The weather is cooling off, the trees are slowly changing colors, and pumpkin spice everything is filling the shelves of stores. This can only mean one thing – fall is finally upon us. Along with the excitement that fall brings, experts are warning that the “twindemic” may also come with this change of season.
What exactly is this “twindemic” you might ask? As we enter fall and winter months, experts fear the coinciding spike of two pandemics at once – COVID-19 and flu season.
Flu cases last year were mild due to everyone staying home, wearing masks, and being more diligent about washing their hands and using hand sanitizer. This year could be a different case altogether. With COVID-19 vaccinations came the lift of mask mandates and many taking the opportunity to get out and rejoin crowded public places. As we know all too well, this allowed the delta variant to seize the opportunity to spread and has caused case numbers to increase at a time when the flu season is just beginning.
Contributing to this fear of the twindemic are the many individuals who are still hesitant to get the flu shot, which could lead to worsening numbers. According to a Chicago Tribune article, “… Of those who were unsure or not planning to get vaccinated [for the flu], 34% did not believe the flu vaccine worked well, 32% said they never got the flu, 29% were concerned about potential side effects and 22% said they were worried about catching the flu from the immunization — though that’s not possible.”
Keeping the flu from running through your employee population this year is important now more than ever. You can be better prepared to avoid an outbreak by considering these tips:
1. Be a Flu Fighter
One way to show your support is to host a flu vaccine clinic onsite. This allows employees to get it done quickly and conveniently without having to take time off work. If this isn’t feasible, provide employees with resources on where to get a vaccine and a reminder of what is covered by insurance. Often employees avoid getting vaccines or other medical-related exams out of fear that they will have to pay. Reassurance of what is covered by your insurance can help alleviate any concerns and give them the extra push they need to be vaccinated.
If that isn’t enough, don’t forget that money talks! It’s amazing the difference you will see in participation when a raffle for a prize is involved. Incentivizing the flu vaccine could be your best way to get employees on board with getting it done. Have employees submit proof of their flu vaccine, enter their name into a raffle, and pick winners at the end of the month to celebrate!
2. Don’t give Germs a Free Ride
Most companies already have a revised sick policy in place due to the COVID-19 pandemic, but this is important for flu season as well. If you haven’t already, review your current sick leave policies and make sure employees feel encouraged to stay home if they aren’t feeling well without fear of punishment. Along with this, have steps in place for employees to report updates to their supervisor on any symptoms. Remember that those with the flu are most contagious during the first 3 days. Anyone with flu-like symptoms or employees who begin feeling sick during the day should be asked to go home to avoid further spreading of illness.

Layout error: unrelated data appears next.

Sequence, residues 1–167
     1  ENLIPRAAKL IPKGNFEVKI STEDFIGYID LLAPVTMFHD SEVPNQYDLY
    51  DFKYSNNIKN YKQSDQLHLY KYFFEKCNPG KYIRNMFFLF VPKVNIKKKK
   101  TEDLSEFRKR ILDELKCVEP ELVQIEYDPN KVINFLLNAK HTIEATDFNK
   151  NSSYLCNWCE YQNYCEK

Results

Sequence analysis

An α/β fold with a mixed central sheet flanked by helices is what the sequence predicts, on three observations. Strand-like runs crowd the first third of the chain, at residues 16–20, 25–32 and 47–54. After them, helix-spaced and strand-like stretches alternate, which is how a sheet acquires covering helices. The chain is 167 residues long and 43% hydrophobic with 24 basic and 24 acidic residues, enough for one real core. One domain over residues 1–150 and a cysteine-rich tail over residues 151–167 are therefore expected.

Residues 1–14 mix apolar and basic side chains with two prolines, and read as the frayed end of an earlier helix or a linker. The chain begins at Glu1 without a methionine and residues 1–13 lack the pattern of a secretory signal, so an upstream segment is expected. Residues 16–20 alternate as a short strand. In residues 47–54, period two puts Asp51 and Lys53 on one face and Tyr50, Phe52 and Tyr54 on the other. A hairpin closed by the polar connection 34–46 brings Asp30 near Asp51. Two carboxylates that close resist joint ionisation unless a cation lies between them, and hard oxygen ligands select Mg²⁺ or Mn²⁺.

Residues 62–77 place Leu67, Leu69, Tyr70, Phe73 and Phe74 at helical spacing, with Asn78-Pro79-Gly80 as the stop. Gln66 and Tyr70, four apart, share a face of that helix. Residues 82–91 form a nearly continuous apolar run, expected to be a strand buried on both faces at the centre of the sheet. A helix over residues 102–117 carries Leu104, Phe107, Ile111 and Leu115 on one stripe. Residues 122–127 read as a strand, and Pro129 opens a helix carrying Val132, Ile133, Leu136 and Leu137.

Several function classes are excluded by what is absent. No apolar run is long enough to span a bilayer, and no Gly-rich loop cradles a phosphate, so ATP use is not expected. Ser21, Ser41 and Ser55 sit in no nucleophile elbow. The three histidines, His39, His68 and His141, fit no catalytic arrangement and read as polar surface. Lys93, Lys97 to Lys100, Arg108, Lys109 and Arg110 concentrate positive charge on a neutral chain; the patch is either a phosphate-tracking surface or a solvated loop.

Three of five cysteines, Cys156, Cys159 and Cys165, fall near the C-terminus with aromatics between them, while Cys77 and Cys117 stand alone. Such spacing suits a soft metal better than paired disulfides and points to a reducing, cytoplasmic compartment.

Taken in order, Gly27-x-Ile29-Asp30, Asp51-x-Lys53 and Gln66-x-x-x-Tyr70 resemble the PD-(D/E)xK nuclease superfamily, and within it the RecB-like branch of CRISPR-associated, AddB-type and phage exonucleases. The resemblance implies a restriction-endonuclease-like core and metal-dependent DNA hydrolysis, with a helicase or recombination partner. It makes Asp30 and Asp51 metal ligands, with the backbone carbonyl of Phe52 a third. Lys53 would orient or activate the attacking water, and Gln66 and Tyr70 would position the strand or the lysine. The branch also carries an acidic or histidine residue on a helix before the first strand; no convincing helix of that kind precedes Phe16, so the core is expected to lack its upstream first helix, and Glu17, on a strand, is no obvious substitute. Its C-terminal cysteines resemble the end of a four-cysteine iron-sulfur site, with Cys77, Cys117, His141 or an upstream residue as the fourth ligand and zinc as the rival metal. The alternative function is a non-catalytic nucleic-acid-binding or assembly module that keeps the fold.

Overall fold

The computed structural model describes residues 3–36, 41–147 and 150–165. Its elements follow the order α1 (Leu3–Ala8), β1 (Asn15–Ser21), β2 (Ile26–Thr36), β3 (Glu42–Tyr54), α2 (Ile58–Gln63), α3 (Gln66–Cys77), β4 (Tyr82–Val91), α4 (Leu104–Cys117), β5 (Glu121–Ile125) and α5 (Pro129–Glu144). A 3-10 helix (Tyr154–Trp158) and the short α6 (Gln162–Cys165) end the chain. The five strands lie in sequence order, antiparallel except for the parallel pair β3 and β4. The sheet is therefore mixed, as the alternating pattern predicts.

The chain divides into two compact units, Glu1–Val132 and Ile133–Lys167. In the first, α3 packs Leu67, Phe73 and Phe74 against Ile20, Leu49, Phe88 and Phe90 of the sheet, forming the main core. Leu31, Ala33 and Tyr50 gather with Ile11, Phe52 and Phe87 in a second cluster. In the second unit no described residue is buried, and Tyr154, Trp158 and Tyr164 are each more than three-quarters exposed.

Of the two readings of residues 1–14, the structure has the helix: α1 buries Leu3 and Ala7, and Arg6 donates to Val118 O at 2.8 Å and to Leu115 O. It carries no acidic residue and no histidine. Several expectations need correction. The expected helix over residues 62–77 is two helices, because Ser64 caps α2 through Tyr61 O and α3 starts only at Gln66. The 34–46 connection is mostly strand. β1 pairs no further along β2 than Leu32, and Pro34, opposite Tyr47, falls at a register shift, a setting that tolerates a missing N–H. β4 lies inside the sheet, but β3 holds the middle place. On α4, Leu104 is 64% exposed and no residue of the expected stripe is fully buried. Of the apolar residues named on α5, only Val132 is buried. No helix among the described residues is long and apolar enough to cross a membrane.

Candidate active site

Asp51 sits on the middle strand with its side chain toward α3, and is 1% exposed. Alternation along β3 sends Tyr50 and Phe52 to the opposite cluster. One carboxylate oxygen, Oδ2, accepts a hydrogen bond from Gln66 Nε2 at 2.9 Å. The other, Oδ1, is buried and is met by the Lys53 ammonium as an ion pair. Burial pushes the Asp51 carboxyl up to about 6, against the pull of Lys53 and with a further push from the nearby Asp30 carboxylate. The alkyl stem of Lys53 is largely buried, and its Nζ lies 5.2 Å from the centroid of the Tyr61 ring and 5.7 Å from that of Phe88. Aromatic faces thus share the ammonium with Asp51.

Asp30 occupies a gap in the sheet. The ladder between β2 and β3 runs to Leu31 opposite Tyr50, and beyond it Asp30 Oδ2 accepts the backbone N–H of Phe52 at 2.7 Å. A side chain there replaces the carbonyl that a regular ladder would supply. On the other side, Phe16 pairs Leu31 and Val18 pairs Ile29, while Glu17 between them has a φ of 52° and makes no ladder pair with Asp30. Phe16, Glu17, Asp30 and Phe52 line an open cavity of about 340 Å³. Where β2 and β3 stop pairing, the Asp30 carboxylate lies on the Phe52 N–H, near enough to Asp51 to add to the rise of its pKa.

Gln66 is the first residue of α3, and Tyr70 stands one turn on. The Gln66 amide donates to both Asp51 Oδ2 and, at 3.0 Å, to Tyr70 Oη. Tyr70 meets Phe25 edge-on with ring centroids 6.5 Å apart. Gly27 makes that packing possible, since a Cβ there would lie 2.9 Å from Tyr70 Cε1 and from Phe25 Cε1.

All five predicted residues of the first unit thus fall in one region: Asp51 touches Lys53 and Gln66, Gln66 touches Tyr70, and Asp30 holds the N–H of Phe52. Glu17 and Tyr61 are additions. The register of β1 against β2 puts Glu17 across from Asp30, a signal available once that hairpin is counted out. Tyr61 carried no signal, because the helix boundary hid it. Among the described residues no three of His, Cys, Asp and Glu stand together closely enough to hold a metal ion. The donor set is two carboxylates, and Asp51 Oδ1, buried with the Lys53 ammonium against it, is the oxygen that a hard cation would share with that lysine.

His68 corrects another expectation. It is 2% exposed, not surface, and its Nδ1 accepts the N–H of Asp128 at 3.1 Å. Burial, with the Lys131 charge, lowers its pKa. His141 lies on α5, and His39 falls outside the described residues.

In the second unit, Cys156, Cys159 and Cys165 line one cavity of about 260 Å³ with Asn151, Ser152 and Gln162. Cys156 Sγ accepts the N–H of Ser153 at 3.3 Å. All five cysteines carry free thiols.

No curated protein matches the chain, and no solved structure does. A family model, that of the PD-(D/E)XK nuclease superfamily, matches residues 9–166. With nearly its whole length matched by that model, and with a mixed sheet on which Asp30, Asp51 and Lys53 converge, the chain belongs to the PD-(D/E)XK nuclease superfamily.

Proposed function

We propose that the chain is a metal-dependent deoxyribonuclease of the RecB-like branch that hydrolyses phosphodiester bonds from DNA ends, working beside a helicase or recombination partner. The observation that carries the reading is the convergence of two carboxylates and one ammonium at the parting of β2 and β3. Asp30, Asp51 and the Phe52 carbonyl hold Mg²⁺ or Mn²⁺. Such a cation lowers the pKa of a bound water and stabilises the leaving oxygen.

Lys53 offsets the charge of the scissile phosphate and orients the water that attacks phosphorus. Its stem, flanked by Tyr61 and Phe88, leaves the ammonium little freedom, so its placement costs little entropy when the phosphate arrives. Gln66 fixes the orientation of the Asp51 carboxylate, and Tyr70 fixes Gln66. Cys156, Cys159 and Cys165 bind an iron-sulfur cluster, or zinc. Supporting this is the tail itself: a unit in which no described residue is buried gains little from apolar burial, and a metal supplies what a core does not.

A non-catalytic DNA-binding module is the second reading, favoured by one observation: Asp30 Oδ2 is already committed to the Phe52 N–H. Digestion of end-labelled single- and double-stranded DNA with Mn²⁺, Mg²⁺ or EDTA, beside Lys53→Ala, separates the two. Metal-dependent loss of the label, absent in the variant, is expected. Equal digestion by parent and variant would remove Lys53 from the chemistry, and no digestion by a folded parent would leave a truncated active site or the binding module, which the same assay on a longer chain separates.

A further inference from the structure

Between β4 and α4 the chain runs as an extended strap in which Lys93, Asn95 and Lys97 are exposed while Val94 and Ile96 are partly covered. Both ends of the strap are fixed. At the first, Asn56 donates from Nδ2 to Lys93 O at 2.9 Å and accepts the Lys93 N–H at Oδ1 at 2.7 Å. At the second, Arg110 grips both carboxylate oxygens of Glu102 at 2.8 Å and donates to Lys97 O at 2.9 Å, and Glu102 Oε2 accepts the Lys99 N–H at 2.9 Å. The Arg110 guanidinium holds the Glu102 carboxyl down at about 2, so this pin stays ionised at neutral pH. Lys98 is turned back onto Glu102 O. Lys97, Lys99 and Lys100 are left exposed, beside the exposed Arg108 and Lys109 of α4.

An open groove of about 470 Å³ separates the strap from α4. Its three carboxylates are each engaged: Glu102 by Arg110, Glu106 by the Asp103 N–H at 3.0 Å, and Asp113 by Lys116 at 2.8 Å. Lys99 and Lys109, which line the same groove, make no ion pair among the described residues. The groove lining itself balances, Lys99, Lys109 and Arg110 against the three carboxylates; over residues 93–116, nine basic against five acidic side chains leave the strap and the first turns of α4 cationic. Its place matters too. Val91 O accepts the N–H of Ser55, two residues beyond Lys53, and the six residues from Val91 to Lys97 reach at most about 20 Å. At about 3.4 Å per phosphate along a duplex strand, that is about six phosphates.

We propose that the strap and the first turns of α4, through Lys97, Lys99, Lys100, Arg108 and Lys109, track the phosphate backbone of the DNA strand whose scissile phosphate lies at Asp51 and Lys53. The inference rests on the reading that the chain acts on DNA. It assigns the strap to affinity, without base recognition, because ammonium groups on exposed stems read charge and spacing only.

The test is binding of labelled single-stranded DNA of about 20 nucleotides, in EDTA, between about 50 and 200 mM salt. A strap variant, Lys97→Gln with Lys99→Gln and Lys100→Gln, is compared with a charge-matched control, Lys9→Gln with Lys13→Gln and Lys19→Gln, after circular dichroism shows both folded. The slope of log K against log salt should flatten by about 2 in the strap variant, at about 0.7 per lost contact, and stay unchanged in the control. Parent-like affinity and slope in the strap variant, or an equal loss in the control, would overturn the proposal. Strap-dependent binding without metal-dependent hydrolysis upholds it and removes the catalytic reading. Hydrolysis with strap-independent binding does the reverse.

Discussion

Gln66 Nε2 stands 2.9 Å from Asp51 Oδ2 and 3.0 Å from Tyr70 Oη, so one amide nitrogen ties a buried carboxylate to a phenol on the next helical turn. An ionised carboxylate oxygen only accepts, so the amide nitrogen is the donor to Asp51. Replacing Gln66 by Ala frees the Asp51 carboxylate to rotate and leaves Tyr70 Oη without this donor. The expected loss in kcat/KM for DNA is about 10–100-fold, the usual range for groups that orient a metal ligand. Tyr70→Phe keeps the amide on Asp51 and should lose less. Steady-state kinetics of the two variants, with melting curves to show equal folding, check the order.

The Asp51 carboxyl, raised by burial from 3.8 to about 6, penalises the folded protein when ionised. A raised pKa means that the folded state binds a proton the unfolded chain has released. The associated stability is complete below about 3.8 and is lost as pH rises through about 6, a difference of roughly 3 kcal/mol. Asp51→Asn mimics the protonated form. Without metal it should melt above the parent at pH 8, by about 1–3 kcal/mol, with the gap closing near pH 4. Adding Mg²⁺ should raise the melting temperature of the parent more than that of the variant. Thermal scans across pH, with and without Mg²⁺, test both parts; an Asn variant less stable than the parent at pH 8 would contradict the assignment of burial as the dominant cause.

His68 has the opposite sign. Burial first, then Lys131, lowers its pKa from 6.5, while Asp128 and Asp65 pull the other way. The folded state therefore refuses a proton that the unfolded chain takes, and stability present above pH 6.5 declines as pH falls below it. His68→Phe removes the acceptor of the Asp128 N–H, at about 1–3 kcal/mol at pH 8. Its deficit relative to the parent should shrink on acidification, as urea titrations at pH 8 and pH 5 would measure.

3. Be a Germ Buster
Preparing the office for flu season can also be a great way to reduce the spread of the flu. This could look like having tissues available for employees to use, use trash cans without a lid or invest in “no touch” trash cans to avoid high touch areas, and create cleaning stations with hand sanitizer and sanitizing wipes to encourage employees to keep their hands and work areas clean.
On top of this, post pertinent information on prevention around the office. Providing employees with reminders about covering their coughs and sneezes with a tissue or elbow, throwing used tissues in the trash, and the importance of hand washing or hand sanitizer after nose blowing, coughing, or sneezing are all key areas to reinforce. While we all may be tired of hearing about respiratory etiquette, now is not the time to become lackadaisical about hygiene. Ramp up communication and expectations to keep everyone safe while they are at work.
4. Boost the Immunity
Building the immune system all year long can help prepare the body for when cold and flu season comes into play. Stock your breakroom with snacks that contain vitamins and minerals to help the body fight infection – fresh fruits and vegetables, like clementines and apples, snack size almonds or other nuts, or whole grain snacks like popcorn or crackers are just a few ideas.
Staying hydrated is also important when it comes to immunity. Provide employees with bottled water in the breakroom or give everyone a reusable water bottle with the company logo to boost morale and encourage better hydration practices. Hydration can often be overlooked as the weather cools off, but water plays a critical role in keeping everything running smoothly in the body.
If none of these ideas are within budget, simply posting and distributing information from a reputable source on healthy foods and snacks, as well as healthy habits to help keep the immune system strong can go a long way in making sure employees are given information to keep them safe.
Don’t turn a blind eye and allow your office to fall victim to the “twindemic”. Be proactive with your approach and start planning for flu season today!